Scientists have used a new imaging technique to re-examine Egyptian art and find details that were previously missing.
Linda Evans and Anna-Latifa Mourad from Macquarie University in Sydney, Australia describe in their paper in the Journal of Archaeological Science how they used a technique called DStretch to analyze the ancient paintings. These paintings were found at Beni Hassan, an ancient Egyptian cemetery that’s located near to the city of Minya in modern Egypt.
"Egyptologists have not realised [DStretch's] potential in helping us to examine and record ancient wall paintings," Dr Evans told IFLScience.
First developed in 2005, DStretch allows digital images to be enhanced, helping to reveal faint paintings and engravings. The software analyzes three bands of RGB color in an image, and improves the intensity and saturation of them. It sort of stretches the colors out and then maps them back to normal, to show a greater distinction. It's been used on everything from rock art to Mars rover images.
Beni Hassan, used in the Middle Kingdom period (2050 and 1710 BC), is known for its exceptional artwork. Previously we’ve unearthed some odd things there, like a mongoose being led on a leash.
Tombs cut into the rock, believed to belong to commoners at the time, contain scenes of daily life such as farming, hunting, and fishing. The artwork is all multi-colored, using shades of red, brown, blue, green, black, and white, which made digitally enhancing the images a bit difficult according to the researchers.
But doing so yielded a number of interesting discoveries. For example, they have found a herd of pigs drawn on one of the walls of the tombs, only the second known drawing of pigs from the Middle Kingdom period, and another depicting bats.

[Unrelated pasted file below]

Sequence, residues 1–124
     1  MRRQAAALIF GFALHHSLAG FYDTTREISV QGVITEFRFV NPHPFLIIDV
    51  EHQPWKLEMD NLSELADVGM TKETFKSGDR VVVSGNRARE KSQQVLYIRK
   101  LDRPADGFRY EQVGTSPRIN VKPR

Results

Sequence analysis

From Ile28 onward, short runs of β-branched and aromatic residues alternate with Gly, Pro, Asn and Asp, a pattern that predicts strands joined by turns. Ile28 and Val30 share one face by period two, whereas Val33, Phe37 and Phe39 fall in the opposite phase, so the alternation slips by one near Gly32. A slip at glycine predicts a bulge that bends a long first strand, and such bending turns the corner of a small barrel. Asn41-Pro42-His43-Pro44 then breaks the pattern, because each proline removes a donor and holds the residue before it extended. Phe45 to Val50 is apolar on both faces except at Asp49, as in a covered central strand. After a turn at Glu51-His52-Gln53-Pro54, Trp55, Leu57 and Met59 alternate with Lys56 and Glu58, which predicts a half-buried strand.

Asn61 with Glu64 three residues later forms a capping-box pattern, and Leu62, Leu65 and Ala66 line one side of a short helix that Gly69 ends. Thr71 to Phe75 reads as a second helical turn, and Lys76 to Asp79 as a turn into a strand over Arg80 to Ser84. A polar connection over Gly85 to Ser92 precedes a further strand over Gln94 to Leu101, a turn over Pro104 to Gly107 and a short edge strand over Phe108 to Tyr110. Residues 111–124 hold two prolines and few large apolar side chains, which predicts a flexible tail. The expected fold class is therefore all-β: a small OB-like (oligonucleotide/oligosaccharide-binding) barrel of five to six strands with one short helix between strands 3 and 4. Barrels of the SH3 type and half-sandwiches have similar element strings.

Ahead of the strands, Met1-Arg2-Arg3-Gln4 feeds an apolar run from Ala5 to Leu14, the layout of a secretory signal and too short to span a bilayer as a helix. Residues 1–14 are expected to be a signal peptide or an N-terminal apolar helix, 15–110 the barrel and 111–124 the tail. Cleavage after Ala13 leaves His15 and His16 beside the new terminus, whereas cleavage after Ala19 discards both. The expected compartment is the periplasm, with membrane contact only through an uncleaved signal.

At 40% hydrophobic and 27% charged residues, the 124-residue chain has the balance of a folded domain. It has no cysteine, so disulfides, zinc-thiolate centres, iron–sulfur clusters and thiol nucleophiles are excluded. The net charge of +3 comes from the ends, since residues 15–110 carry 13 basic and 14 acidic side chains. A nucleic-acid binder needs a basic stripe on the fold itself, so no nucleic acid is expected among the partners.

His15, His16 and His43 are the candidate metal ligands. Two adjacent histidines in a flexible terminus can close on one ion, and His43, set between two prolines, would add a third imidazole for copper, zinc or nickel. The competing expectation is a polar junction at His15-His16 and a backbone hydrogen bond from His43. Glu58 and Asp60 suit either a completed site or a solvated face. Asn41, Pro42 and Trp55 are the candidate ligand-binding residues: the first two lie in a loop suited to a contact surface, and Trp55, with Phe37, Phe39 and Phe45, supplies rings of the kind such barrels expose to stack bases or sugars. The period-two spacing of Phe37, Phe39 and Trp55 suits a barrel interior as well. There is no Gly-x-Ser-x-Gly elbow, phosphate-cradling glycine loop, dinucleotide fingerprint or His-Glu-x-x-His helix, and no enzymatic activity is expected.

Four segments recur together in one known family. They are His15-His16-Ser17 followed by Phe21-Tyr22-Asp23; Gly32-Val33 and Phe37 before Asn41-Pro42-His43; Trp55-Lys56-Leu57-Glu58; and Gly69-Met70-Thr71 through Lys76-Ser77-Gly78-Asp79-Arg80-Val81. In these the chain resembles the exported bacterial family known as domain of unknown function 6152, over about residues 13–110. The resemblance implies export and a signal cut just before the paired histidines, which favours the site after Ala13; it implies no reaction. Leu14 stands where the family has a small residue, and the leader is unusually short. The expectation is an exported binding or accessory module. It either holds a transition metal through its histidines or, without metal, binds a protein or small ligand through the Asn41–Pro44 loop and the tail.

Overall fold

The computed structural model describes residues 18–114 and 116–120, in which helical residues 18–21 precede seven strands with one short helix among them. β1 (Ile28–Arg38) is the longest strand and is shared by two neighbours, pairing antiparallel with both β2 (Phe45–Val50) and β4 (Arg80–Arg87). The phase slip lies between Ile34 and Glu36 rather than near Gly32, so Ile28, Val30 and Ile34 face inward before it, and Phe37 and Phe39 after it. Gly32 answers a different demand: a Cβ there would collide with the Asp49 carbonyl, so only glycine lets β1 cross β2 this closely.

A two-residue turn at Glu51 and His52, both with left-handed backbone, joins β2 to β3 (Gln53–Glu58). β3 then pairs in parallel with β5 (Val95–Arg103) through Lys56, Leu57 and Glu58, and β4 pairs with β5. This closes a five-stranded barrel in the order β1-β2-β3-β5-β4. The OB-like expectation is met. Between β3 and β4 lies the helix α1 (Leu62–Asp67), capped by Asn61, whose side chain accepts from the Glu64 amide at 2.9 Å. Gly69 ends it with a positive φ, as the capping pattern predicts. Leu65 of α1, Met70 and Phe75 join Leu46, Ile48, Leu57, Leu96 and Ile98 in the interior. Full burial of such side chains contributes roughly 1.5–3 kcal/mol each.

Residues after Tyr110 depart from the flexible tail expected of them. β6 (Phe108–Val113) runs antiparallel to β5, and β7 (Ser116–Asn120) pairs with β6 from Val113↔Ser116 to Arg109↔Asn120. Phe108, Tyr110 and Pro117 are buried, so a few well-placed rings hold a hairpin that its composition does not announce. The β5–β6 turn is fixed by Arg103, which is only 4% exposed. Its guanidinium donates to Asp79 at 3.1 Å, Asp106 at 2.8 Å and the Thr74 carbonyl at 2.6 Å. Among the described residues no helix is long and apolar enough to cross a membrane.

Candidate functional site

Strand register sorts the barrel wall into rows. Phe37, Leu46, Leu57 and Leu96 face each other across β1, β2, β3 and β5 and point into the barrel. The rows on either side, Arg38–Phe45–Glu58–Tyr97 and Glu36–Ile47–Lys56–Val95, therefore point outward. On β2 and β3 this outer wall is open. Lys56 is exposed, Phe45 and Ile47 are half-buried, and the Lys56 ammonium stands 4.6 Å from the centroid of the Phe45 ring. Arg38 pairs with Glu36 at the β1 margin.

“The most surprising outcome of the DStretch study has been the confirmation of new images of animals that are incredibly rare in Egyptian art," said Dr Evans.
“There are virtually no depictions of pigs or bats in all of Egyptian art, but we can now confirm that they appear a number of times at Beni Hassan."
Another image showed people dunking a pig into water, with workmen grasping the creature’s hind legs. It was thanks to using DStretch that the researchers were able to confirm this was a pig, with hooves, a snout, and bristles on its back.
Aother painting described as “highly unusual” in the research shows a figure carrying an animal, possibly a pig, on their shoulders. “The meaning of this somewhat humorous motif remains to be determined,” the paper notes.
There's also that impressive image of a bird at the top of this article. Thought originally to be a hawk, image enhancement revealed it to be a vulture, with its large wings outstretched and its feathers painted in red and bluish-green. Meanwhile, an “egg” it was thought to be carrying actually seems to be the upper half of an ankh sign.
"The image of a vulture holding an ankh-symbol in its claws is also really interesting because it’s a motif that is otherwise only associated with royal monuments," said Dr Evans. "So, what is it doing in the tomb of a commoner? This is a mystery we still have to solve."
These re-interpretations are giving archaeologists a new look at ancient paintings – and it’s hoped there will be more discoveries to come in the future. Beni Hassan is described as a "treasure trove" of animal imagery, so there may be similarly remarkable findings still to be made.
"The new images we have found confirm that animals were a crucial part of ancient Egyptian life," said Dr Evans.